• Intervention—how similar will the treatment be to that given in the trial?

  • Is sufficiently similar treatment available and accessible?

  • Will the patient adhere to it? (Have you explored the patient’s preferences?)

  • Context or comparator treatments— are there specific contextual issues for the individual that are very different from the trial context and likely to influence the outcome for the patient? What are the alternatives to the specific treatment being considered?

  • Does the patient have complications or co-morbid conditions which would affect the likely benefits or harms?

  • Are there other prognostic factors which were not measured in the trials?

  • Is the patient likely to improve without treatment anyway?

  • Outcome—are the outcomes assessed in the trials, the same outcomes that are important for this individual?

  • Have you established what is important to the patient?

In the UK the commonest immediate decision is whether to prescribe an antidepressant, as cognitive behavioural therapy is usually not available or has a waiting list of several months. Since 2006, UK general practitioners have been remunerated for using questionnaire measures of the severity of depression at the outset of treatment, and the patient in box 1 scores just above the threshold for major depression, suggesting that antidepressants may be of benefit. However, the doctor is aware that the positive predictive value of the PHQ-9 for major depression is likely to be lower in primary care than in secondary care due to the relatively lower prevalence, and therefore the patient may be a false positive case given his borderline score.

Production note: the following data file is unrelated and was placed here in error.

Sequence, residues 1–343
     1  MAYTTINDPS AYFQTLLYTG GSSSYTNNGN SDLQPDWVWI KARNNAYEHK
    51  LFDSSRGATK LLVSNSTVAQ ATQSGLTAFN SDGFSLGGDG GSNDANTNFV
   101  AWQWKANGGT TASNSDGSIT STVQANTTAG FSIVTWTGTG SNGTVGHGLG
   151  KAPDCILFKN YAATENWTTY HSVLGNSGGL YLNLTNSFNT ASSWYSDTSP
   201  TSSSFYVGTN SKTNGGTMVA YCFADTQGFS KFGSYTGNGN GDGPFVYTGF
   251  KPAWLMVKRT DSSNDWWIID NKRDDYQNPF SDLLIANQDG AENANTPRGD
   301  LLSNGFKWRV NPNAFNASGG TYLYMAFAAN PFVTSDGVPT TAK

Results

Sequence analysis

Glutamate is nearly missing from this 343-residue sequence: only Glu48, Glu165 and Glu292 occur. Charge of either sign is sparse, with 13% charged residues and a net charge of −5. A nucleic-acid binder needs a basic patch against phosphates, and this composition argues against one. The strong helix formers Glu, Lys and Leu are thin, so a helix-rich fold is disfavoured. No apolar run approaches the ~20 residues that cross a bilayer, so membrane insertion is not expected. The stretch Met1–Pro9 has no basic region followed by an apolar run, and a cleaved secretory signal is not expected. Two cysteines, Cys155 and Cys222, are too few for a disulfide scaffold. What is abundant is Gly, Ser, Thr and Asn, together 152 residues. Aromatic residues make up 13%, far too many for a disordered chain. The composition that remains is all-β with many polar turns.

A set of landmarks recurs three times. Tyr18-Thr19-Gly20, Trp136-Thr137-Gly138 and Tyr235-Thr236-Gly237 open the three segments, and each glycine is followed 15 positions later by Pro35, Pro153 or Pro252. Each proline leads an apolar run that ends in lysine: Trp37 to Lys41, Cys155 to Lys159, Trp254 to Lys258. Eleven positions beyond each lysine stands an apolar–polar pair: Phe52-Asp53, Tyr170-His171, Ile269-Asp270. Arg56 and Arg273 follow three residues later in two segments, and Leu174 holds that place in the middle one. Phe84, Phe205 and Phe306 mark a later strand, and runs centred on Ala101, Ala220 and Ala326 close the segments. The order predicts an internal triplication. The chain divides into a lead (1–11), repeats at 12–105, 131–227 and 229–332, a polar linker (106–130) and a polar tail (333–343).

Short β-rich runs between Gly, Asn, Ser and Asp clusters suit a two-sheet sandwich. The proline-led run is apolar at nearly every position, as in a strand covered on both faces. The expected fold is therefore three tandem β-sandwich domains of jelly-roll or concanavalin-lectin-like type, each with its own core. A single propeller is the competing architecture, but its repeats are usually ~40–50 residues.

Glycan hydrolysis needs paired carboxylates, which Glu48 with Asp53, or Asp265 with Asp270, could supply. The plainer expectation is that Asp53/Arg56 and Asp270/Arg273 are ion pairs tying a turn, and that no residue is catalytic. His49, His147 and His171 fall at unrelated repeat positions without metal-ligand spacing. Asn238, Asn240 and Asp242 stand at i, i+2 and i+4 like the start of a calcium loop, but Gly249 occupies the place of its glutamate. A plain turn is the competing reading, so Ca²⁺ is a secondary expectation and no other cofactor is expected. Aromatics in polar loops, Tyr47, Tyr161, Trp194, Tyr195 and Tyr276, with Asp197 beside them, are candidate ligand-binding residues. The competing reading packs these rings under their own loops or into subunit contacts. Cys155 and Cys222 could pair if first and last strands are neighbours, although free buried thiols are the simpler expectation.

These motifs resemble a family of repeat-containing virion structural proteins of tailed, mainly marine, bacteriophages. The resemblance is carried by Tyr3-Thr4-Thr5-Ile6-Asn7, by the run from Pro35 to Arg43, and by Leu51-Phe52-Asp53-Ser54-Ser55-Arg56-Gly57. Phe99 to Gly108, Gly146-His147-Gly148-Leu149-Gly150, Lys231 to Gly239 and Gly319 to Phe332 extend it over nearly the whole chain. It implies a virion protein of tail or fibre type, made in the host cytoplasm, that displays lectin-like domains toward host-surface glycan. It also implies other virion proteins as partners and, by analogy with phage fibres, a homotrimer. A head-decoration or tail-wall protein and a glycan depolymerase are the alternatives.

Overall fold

So the doctor does not prescribe antidepressants on the basis of one marginally raised PHQ-9 score alone, especially as the patient is not keen on taking them and may be at risk of taking an overdose while acutely distressed. Also antidepressants may lower the threshold for epileptic convulsions. Instead the doctor discusses with the patient the possible benefits and side effects of antidepressants and arranges a review a week later. The patient clearly needs follow-up, as he tends to play down his symptoms, his functioning is impaired, and—being an older, socially isolated male with increased alcohol use—he is at increased risk of suicide (although the doctor is aware that having all these epidemiological risk factors is still a poor predictor of actual suicide in any individual case).

At review the symptom severity score is higher, indicating moderate to severe major depression. The patient’s preference is now for antidepressants and he is less socially isolated, reducing the suicide risk. He is now seen to be more like the patients included in trials of antidepressants, and the balance of the decision tips towards prescribing antidepressants. Caution is needed however, given the possible adverse effect of precipitating epileptic convulsions, with possible risks to the patient’s driving licence and job, and it would be reasonable to monitor the patient for longer, as his social situation is in flux and changes over the next few weeks may lead to considerable improvement.12 Prescribing can also be viewed negatively as a way of “disposing” of the patient which medicalises understandable reactions to life’s difficulties, precludes further in depth exploration of the person’s circumstances and own resources, and risks subsequent adverse effects on the doctor-patient relationship.12 17 If the doctor does decide to prescribe antidepressants, further discussion of the benefits of treatment, prompted at regular follow-up encounters, is likely to maximise the patient’s adherence to treatment.18 Encouraging questions, in a collaborative patient centred relationship, is likely to lead to a better outcome.19 Case management programmes have been shown repeatedly to ensure the best outcomes through such engagement, but at present are not widely available in primary care.20